The First Draft: $829 billion — and that’s the good news
You’ve no doubt heard the old saying about money and Washington: a billion here, a billion there, and pretty soon you’re talking about real money. That seems to be the case for fixing U.S. healthcare.
President Barack Obama got some good news from the nonpartisan Congressional Budget Office yesterday, which estimated that a healthcare plan by the Senate Finance Committee would cost $829 billion. CBO said this plan would cut the budget deficit by $81 billion over 10 years.
There was good news this morning too, as the Labor Department reported new unemployment claims at a nine-month low.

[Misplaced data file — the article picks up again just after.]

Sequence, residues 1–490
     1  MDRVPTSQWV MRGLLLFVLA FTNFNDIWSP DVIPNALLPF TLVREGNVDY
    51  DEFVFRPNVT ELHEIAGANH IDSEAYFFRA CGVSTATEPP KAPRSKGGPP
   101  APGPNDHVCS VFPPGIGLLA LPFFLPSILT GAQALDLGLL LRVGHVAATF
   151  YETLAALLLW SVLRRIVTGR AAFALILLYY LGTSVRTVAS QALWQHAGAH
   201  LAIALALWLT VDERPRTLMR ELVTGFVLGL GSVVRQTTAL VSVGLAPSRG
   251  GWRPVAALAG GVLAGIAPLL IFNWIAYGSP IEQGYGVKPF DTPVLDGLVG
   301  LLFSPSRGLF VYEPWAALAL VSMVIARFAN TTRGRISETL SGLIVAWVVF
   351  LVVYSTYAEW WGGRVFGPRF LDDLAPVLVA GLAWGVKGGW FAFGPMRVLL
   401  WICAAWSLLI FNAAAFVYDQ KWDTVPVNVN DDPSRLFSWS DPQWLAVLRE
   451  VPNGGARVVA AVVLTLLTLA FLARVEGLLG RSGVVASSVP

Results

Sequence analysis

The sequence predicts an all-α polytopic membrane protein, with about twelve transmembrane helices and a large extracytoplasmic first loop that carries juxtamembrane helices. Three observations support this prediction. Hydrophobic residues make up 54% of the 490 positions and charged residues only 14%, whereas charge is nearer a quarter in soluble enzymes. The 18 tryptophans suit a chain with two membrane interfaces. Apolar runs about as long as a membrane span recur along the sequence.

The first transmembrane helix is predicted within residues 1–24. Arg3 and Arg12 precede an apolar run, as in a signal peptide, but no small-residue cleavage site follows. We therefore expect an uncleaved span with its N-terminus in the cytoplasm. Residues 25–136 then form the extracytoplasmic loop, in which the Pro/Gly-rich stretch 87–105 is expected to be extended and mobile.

These moves are so recent they haven’t shown up in polls tracking whether Americans approve of how Obama is doing his job. The president’s job approval rating has been wiggling around 52 percent for the last three weeks, according to an average of poll results by RealClearPolitics.com. Disapproval ratings for the same period floated around 42 percent.
He’s still doing far better than Congress as a whole, which generally gets dismal poll ratings. It certainly is now, with the RealClearPolitics average approval rating at 25.8 percent, with a 66.5 disapproval rating.
Which brings up today’s question: is this kind of minute attention to polls worthwhile? Does it impede the business of government? Is it interesting to anybody outside the Washington Beltway? Let us know.
Photo credit: REUTERS/Choi Bu-Seok (Hundred dollar bills a headquarters of Korea Exchange Bank, October 8, 2009)